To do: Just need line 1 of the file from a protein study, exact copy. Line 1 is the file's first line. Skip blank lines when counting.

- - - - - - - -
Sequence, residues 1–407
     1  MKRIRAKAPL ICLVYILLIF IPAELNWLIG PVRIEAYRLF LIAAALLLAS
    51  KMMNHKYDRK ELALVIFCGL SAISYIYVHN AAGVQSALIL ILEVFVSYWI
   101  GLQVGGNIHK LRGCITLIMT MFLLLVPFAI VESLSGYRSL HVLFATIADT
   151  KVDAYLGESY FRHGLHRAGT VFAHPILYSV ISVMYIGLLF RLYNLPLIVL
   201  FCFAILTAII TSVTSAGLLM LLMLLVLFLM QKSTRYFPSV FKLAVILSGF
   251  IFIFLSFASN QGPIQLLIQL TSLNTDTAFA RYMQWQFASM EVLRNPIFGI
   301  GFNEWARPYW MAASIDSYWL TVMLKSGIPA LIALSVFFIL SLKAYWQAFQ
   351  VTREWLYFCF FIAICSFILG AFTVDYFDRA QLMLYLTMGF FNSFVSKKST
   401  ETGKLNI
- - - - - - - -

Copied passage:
Sequence, residues 1–407